The head of the public service has flagged likely job cuts following major organisational changes announced by Prime Minister Scott Morrison.
Department of Prime Minister and Cabinet secretary Philip Gaetjens said there would be some "consolidation of back office functions" as a result of the reforms, which include reducing the number of government departments from 18 to 14 and dumping five departmental secretaries.
In a major end-of-year address to an audience of more than three hundred public servants, including 11 of the 14 department secretaries, Mr Gaetjens said the Government's changes would reduce "bureaucratic congestion" and support a "laser-like" focus on service delivery.
Mr Morrison's changes involve the creation of four super-departments: Education, Skills and Employment; Industry, Science, Energy and Resources; Infrastructure, Transport, Regional Development and Communications; and Agriculture, Water and the Environment. Services Australia (formerly the Department of Human Services) will be incorporated within the Department of Social Services.
He said the new structure would be in place by February.
The prime minster denied the restructure was a cost-cutting exercise.
"This has not being done as a savings measure. This has been done as a structural measure to better align and bring together functions within the public service so they can all do their jobs more effectively and help more Australians," Mr Morrison said.
Community and Public Sector Union national secretary Melissa Donnelly said the union would be working to "hold the Government to account" on Mr Morrison's assurances.
"These changes are very significant," Ms Donnelly said, adding that they inevitably raised concerns for her members about what the implications would be for their employment.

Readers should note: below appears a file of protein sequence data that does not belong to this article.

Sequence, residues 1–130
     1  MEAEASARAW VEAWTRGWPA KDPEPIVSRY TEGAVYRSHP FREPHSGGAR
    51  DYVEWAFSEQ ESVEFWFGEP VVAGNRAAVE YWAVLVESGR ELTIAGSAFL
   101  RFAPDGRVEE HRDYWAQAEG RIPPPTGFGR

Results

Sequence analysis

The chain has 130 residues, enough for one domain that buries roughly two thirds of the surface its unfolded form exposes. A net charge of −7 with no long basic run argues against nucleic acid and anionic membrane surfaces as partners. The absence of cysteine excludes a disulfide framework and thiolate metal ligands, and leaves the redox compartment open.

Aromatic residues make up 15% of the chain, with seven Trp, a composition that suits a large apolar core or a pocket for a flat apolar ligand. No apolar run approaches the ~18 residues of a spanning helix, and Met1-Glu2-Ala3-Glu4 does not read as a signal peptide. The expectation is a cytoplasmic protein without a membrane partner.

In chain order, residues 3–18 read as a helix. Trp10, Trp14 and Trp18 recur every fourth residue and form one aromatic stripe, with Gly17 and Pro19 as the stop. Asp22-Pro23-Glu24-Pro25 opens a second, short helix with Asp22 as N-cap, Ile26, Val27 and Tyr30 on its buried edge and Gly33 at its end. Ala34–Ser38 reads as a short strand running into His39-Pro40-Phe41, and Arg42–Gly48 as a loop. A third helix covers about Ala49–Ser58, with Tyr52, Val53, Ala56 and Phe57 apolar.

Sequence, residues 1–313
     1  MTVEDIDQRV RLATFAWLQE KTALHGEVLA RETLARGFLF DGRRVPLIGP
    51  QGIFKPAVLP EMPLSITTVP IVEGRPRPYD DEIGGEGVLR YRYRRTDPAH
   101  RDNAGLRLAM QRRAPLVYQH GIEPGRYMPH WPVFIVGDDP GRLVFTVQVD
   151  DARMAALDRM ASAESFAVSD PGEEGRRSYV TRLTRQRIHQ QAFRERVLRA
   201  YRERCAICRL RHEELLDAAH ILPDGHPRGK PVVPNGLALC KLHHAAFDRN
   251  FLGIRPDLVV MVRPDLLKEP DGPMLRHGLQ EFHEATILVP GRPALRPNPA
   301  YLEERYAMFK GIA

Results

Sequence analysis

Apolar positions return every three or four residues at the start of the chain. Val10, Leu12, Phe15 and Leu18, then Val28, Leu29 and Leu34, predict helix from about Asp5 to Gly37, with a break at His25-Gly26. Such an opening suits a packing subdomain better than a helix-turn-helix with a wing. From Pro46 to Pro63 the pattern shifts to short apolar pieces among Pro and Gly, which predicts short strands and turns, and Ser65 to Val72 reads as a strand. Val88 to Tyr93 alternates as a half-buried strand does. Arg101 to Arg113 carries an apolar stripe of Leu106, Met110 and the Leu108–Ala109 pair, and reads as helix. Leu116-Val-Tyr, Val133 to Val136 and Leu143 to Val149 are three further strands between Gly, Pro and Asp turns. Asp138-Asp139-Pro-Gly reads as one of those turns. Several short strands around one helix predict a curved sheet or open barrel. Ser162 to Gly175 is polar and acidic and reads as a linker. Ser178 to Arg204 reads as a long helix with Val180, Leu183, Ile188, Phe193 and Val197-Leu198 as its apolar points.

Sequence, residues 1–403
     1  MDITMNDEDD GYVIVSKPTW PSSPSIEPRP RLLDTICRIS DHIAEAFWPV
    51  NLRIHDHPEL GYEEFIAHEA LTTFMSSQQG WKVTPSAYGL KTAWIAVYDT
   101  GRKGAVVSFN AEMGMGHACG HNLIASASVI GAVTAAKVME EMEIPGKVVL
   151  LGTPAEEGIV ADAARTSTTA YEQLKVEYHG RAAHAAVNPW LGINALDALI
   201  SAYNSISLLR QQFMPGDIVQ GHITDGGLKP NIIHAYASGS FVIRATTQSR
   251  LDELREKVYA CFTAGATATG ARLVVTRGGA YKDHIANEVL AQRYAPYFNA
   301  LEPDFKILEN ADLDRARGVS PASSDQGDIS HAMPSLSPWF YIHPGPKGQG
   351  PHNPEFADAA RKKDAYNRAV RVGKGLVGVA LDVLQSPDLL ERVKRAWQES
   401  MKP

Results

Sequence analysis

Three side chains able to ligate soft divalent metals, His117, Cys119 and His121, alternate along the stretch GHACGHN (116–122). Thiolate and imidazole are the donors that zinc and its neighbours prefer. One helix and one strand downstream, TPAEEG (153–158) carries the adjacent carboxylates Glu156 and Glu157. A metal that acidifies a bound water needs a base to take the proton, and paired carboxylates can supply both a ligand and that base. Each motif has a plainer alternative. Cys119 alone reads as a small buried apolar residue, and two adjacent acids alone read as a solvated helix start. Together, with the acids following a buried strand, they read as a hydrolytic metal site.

In announcing the changes, Mr Morrison did not rule out the possibility of job losses, but sought to put responsibility for any cuts on departmental heads.
"I expect, frankly, all departments secretaries to be realising maximum efficiencies for how they run their departments every single day of the year. That's their job.
"Whatever decisions they take over the next 12 months, two years, five years, they'll take those decisions. They're not decisions that the Government takes."
Mr Gaetjens said the changes were needed to ensure the public service was able to provide the services the country needed.
"Our context is change. So the way we work has to change to reflect that. Because when your environment changes, you adapt," he said.
The public service head said the reforms would "reduce the number of bureaucratic silos, support more integrated services and increase policy coherence".
In remarks that will stoke job fears, Mr Gaetjens added that the reforms would "also accelerate the long-term consolidation of back office functions, enabling the APS to maximise its focus on policy, programs and service delivery, not internal administration".
He said the changes were part of the Government's broader reform agenda for the public service, which was "all about continuing our fight to reduce bureaucratic congestion and maintaining a laser-like focus on our underlying purpose, meeting the needs of Australians".
The government is yet to formally respond to a review of the public service led by former Telstra boss David Thodey, which was handed to Mr Gaetjens in September.
But Mr Morrison said the changes he announced yesterday were "consistent entirely with the thrust of the Thodey Review".
The prime minster's claim was disputed by the CPSU, which said the review's interim report warned against further changes to the machinery of government.
It said morale in the Department of Home Affairs, established two years ago to encompass five security agencies, had plummeted.
The Government is expected to release its response to the Thodey Review next week.